I was in fear and trembling before watching this movie. Not because of any potential hide-behind-the-sofa moments – but because I so wanted the film to succeed, but feared it would fail spectacularly. For the BBC series with Alec Guinness as George Smiley is one that i’ve watched countless times. And it never ceases to surprise and thrill. Even though cinematically the look and feel seems very dated, the production doesn’t age. So when I heard about the new film, my heart groaned slightly. But fortunately, I really shouldn’t have worried. This film is a triumph.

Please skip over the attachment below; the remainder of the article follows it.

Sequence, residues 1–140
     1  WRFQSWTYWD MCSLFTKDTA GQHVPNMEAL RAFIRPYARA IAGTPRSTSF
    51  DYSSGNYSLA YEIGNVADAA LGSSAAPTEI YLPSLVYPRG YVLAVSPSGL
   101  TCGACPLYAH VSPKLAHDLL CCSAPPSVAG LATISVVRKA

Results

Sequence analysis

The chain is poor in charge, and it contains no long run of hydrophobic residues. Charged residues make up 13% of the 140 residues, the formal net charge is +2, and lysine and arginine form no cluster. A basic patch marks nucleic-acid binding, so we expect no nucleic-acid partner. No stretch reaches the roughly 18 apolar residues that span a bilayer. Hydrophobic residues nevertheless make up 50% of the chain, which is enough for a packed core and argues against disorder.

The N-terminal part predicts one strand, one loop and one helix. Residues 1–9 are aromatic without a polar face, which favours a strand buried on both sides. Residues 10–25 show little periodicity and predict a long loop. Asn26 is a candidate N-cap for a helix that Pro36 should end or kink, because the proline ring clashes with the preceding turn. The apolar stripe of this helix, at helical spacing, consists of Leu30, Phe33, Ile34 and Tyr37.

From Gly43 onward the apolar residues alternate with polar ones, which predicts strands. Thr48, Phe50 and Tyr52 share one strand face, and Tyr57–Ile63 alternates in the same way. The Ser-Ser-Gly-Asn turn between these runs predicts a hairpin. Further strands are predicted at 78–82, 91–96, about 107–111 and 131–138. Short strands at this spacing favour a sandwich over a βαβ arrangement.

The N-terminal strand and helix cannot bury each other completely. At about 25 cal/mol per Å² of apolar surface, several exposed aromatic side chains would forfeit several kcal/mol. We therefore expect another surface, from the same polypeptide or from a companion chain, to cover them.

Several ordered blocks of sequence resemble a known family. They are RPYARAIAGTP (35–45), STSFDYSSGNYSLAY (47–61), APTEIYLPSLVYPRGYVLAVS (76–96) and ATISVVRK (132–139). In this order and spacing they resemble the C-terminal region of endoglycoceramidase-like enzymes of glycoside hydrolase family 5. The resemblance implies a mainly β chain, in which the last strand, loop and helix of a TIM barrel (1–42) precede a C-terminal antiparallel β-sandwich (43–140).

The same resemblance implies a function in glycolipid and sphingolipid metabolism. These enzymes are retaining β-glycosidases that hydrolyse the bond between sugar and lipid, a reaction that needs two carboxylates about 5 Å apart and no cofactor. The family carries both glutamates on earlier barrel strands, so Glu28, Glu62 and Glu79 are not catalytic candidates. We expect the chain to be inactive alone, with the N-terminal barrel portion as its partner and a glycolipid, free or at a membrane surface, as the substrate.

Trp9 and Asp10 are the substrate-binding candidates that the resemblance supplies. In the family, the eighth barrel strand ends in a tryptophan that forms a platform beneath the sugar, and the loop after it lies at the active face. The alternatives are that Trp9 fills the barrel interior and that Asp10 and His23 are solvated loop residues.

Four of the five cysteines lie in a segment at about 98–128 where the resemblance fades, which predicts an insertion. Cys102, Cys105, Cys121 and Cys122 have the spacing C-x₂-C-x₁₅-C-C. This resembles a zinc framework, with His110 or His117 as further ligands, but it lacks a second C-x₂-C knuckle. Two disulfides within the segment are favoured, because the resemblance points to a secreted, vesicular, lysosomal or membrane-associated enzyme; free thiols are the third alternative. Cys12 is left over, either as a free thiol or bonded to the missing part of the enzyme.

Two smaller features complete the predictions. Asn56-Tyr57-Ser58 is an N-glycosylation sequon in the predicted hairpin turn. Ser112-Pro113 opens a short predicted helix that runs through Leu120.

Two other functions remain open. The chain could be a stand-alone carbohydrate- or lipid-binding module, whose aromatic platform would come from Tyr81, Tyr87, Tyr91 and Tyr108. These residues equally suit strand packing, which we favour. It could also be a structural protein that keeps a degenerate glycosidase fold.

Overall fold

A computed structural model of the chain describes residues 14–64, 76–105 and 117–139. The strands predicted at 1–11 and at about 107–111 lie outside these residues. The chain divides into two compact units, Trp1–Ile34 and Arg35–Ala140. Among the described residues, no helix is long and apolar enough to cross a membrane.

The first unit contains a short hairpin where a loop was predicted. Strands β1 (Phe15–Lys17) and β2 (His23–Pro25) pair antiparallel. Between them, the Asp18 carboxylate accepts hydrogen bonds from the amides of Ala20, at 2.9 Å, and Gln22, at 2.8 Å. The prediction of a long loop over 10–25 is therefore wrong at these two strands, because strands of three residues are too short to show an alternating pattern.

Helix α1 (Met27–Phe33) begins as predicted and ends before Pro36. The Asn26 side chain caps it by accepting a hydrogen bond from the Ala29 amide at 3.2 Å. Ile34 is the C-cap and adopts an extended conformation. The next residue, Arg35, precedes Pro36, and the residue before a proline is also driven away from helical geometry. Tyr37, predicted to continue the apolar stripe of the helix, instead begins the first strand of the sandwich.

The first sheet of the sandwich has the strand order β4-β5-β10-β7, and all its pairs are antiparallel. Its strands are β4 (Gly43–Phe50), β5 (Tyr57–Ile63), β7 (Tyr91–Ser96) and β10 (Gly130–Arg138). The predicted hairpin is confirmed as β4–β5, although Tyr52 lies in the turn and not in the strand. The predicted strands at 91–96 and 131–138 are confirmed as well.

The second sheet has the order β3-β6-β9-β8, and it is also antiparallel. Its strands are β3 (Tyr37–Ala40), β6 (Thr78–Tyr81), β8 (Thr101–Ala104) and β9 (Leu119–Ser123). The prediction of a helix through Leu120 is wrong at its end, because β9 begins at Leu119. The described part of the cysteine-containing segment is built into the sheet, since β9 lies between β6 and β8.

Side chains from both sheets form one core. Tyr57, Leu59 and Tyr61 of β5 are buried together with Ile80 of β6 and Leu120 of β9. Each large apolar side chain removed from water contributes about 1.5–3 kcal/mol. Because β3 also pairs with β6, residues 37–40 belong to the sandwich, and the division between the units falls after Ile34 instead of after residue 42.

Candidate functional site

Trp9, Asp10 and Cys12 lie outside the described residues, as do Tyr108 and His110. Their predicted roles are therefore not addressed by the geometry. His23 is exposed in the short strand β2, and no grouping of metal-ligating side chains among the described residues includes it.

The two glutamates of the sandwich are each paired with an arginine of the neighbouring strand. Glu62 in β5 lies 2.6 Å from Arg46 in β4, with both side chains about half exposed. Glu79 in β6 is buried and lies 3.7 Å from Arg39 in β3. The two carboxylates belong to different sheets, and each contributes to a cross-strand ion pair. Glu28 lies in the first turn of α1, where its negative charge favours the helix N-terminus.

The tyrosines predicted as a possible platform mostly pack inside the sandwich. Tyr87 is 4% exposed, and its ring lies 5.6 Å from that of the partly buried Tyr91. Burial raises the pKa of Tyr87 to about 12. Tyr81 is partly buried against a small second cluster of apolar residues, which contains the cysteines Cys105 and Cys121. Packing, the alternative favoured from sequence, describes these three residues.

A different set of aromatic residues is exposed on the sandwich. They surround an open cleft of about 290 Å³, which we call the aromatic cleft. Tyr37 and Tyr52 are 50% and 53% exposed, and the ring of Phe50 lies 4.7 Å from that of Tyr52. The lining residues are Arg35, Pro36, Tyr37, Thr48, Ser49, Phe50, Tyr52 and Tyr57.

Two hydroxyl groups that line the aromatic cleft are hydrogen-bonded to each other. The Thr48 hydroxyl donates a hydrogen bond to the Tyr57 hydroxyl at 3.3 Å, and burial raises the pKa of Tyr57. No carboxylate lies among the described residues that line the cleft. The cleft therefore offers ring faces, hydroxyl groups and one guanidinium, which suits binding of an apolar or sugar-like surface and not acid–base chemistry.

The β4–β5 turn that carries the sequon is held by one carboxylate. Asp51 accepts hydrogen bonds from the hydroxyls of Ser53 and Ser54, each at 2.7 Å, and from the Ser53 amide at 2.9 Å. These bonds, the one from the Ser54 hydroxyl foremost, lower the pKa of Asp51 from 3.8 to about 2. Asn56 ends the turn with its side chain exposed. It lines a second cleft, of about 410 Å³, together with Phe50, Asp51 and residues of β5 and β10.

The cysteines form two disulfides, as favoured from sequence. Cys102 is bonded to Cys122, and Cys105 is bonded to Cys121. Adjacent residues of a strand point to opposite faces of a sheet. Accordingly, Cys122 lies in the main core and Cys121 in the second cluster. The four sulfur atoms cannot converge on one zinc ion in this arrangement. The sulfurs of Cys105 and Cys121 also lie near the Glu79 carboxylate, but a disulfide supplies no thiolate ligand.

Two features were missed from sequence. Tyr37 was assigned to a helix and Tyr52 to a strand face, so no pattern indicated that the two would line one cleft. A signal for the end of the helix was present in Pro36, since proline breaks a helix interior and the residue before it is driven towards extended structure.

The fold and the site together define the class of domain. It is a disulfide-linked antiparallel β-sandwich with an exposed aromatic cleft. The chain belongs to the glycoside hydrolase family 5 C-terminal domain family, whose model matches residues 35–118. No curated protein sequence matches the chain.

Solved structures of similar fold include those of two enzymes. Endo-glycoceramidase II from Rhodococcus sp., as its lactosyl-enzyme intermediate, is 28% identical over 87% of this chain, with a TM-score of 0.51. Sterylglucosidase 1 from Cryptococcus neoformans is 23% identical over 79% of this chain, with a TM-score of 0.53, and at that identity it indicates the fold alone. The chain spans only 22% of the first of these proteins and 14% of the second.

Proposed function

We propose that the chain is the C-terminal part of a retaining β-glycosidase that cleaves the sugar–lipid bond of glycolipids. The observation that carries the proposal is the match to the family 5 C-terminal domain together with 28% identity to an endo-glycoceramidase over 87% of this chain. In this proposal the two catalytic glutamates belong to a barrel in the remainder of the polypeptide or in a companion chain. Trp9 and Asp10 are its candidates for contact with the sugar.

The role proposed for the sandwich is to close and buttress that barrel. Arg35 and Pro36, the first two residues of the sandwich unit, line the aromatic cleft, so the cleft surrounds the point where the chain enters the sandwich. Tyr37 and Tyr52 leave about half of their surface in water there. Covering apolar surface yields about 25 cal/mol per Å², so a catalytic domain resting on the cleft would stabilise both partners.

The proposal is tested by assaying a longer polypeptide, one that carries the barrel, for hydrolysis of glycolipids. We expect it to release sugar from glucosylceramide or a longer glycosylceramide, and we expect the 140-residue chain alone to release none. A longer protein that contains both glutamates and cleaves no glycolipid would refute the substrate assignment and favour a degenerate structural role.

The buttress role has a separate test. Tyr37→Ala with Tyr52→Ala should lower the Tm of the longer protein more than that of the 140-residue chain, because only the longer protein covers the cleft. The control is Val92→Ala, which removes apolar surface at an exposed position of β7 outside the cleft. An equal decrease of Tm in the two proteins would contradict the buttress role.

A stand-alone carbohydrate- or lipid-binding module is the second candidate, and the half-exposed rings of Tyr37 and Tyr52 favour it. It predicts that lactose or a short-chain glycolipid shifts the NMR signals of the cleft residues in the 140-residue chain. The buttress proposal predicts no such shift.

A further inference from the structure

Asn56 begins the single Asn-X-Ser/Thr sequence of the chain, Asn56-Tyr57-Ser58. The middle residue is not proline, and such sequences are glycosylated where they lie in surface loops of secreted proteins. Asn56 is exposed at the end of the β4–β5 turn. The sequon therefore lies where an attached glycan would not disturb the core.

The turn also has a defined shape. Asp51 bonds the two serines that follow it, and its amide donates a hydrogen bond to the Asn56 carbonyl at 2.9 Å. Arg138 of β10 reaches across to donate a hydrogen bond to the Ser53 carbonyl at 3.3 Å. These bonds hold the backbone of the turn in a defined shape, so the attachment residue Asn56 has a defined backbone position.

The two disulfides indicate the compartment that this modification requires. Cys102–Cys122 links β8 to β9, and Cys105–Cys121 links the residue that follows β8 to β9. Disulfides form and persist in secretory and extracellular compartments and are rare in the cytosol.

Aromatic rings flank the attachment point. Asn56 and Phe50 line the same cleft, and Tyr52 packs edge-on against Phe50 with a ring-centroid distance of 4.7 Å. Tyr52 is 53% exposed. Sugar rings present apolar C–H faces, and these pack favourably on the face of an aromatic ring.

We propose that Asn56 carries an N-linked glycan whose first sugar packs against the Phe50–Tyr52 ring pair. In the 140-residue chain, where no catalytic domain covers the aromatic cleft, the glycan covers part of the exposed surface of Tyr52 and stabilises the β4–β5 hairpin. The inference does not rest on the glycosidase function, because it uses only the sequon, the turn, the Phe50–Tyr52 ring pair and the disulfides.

The film is not without its problems of course – but as a faithful adaptation as well as en excellent cinematic experience, it passes with flying colours.
Having been asked to write a short review the other day, I wrote it up in to a more extended version for Damaris – and it can now be found online there. Both Le Carré’s original book and this film actually have much to teach – not least about the swirling doubts that pervade so much of contemporary Western culture. As I say at the article’s conclusion:
To those who do hold convictions, Smiley offers an implicit warning not to conceal any lingering doubts (for otherwise, there walks the hypocrite); convictions can be articulated with confidence, but always with compelling humility and honesty. Otherwise, in a world that values trust much more highly than truth, such people run the risk of being dismissed as fanatics with secret doubts who can always be turned.